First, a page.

Episode Title: “The Worst Noel”
Production Code: 0813
Reviewed By: Nitzan Gilkis (email@example.com)
Rating: 9 out of 10
The fourth out of six MWC Christmas episodes and my personal favorite of the bunch, “The Worst Noel” proves once more that the show’s writers can turn even the blandest of plots into hilarious episodes. Here the main plot can be summed up with one sentence: “Al and Peg channel-surfing on Christmas Eve”, but sharp writing and great acting (especially on Ed O’Neill’s side) make this a highly enjoyable episode. A word of praise also to director Amanda Bearse for the smooth zigzaging between the main plot and its two subplots, which manages to keep the viewer interested all the way through.
“her breasts are touching!”
I’ll start with the bad, namely the subplot involving Bud and Kelly’s attempts to sneak a jukebox into the house to give to Al and Peg for Christmas (don’t worry, they didn’t buy it, heaven forbid; it just fell out of a truck). It relies too heavily on goofy physical slapstick humor, the kind you expect to find in Leslie Nielsen spoofs or “Home Alone”-type movies. I’ve never found watching a dummy crash head-first into the patio particularly funny, and it happens three times (!) here. MWC’s strength has always been clever witty humor, and stuff like this just ‘cheapens’ it in my opinion. In addition, this subplot is very derivative and predictable. Take for example the following exchange: Bud: “Don’t lift it until I say so” Kelly: “Don’t what?” Bud: “Lift it!” (guess what happens next). Please! We’ve seen similar things elsewhere a hundred times before and it stopped being funny long ago. In their defense, Faustino and Applegate do the best they can with their lines, especially Faustino, with two of his classic in-camera stares (“uh-oh!”) and some very funny responses to Kelly’s dimwitted actions and sayings. I loved Applegate’s expression after her “I wanted to make sure it was tight on your end too” line, but other than that she didn’t get to do much.
Marcy and Jefferson’s one-joke subplot is better, even if it drags on a bit too long for my taste. Marcy comes over to borrow some ice and a chair, then Jefferson and a couple of guys come over and take the rest of the chairs and the kitchen table, then Marcy returns, drunk as a skunk, and admits that she is having a party, and all the while we can hear loud music coming from the D’Arcy house – and all this still isn’t enough for Al to confirm his suspicions that there’s a party going on next door. A little hard to believe that Al is really that dumb, but what the heck, it’s funny. Interesting to note that whenever Marcy’s drunk she kisses Al. Wonder what Freud would have to say about that.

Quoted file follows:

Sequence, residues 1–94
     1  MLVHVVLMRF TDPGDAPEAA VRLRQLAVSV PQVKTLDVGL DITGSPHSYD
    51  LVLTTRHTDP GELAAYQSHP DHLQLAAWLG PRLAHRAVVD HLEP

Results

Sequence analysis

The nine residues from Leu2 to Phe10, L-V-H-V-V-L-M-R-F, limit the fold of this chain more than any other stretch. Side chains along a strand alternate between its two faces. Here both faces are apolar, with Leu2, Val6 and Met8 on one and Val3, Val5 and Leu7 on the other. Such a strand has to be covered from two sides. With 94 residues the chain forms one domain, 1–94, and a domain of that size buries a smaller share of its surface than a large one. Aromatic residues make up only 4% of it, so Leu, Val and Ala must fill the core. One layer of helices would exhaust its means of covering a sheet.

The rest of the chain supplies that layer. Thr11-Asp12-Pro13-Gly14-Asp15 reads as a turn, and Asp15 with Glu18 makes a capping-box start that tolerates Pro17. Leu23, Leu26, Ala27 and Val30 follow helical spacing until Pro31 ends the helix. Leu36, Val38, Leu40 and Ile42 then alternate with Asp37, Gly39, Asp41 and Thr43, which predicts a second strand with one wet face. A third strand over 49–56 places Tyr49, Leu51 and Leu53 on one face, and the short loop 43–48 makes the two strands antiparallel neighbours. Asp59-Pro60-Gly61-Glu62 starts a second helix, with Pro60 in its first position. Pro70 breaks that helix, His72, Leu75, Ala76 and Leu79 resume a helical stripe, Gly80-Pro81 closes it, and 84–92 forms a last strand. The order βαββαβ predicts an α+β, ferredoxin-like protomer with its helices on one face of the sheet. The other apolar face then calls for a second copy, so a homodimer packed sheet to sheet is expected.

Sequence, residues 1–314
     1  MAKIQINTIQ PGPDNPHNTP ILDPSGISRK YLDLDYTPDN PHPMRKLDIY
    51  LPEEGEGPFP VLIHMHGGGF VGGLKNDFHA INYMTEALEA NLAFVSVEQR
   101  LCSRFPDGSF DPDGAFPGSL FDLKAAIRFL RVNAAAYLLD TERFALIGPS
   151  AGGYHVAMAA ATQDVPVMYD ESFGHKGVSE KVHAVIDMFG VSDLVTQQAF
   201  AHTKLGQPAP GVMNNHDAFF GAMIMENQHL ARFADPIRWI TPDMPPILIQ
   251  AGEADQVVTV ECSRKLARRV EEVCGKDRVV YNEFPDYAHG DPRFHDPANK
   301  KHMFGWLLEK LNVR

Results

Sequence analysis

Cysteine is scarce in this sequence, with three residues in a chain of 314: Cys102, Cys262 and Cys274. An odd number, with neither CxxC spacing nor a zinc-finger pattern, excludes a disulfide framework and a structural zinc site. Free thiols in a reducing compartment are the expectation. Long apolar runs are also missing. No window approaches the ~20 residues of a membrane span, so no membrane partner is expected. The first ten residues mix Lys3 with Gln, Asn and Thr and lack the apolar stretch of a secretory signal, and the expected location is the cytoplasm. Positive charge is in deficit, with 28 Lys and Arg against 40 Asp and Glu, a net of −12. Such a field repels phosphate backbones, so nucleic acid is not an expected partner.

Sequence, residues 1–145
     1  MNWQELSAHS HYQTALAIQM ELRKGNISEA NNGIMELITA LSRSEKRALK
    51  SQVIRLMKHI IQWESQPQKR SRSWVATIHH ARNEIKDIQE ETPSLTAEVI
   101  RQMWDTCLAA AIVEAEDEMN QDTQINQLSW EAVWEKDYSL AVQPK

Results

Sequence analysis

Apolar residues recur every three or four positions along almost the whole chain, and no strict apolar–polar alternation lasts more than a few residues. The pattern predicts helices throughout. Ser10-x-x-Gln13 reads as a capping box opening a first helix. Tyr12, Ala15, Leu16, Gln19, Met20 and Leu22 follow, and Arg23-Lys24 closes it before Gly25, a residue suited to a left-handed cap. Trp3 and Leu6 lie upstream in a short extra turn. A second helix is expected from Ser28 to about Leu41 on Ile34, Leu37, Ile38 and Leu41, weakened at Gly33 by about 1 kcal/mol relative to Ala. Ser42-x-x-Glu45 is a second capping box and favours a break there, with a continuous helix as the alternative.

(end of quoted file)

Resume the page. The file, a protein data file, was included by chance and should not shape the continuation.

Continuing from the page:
“guess who’s under the mistletoe?”
Al: What is it? You look over, you see a smile on my face, you say “I can’t have this”?
Peg: I just thought it would be nice if we could enjoy something together.
Al: We tried that on our honeymoon. Remember how we cried?
On to the main plot, then. As can be expected, the writers use the opportunity of Peg and Al’s channel-surfing to shoot their poison arrows in every possible direction: NBC, PBS, Susan Pleichette, home shopping channels, country music, and of course Sally Struthers and Michael Bolton (two of MWC’s most laughed-at celebs). This episode goes to show that MWC was just as good at doing satire in the eighth season as it was in its early years, and it’s a shame they didn’t do it more often in the later seasons. In my opinion the best bit of satire here is the commercial Al and Peg watch for “It’s A Country Christmas”, with three songs that have different (hilarious) titles but the exact same melody. They also do a good job making fun of people’s complaints that there’s nothing to see on TV, with the short power blackout scene towards the end. Oh, and let’s not forget “It’s A Malcolm X-mas”…
“who’s that riding in the sleigh?”
As I mentioned earlier, Ed O’Neill is a clear standout in this episode, turning in one of his best performances ever (plus some unforgettable facial expressions) and keeping the episode together. He’s obviously enjoying himself here, and his interplay with Katey Sagal during the couch scenes is tremendously fun to watch. No matter how many times I watch this episode, I still crack up at lines like these (which are made a lot funnier than they may seem on paper by the way O’Neill delivers them):
Peg: How can you hate “It’s A Wonderful Life”?
Al: Because it’s a horrible life.
Peg: You don’t like anything!
Al: Starting with you!
You’ve gotta love Al’s thoughts on what should have been done with “I Love Lucy” (Mertz’s World – ha!), or on why a sequel to “It’s A Wonderful Life” was never made. His facial expressions and gestures while watching the country commercial are priceless, as are his responses to Michael Bolton’s performance of “Silent Night”. But my favorite part is the way he looks at Peg’s party hat at the beginning of the second act. Definitely worth rewatching.
Al gets suspicious
The ending is one of the true classics. Bud and Kelly smash the jukebox and only one record survives, but that’s quite enough to warm Al and Peg’s hearts. Bud puts it on, Al puts his arms around Kelly and Peg and says “It really is a wonderful life”, everyone smiles. But, as they said in “Go For The Old” a season earlier, if you thought the episode was going to end like that you just haven’t been paying attention. The record jams and the frame freezes just as everyone’s smiles turn into scowls and frowns. Marvelous.
It’s a Bundyful ending
Bottom line: despite a silly subplot and occasional writing slips, few episodes are more enjoyable than this one.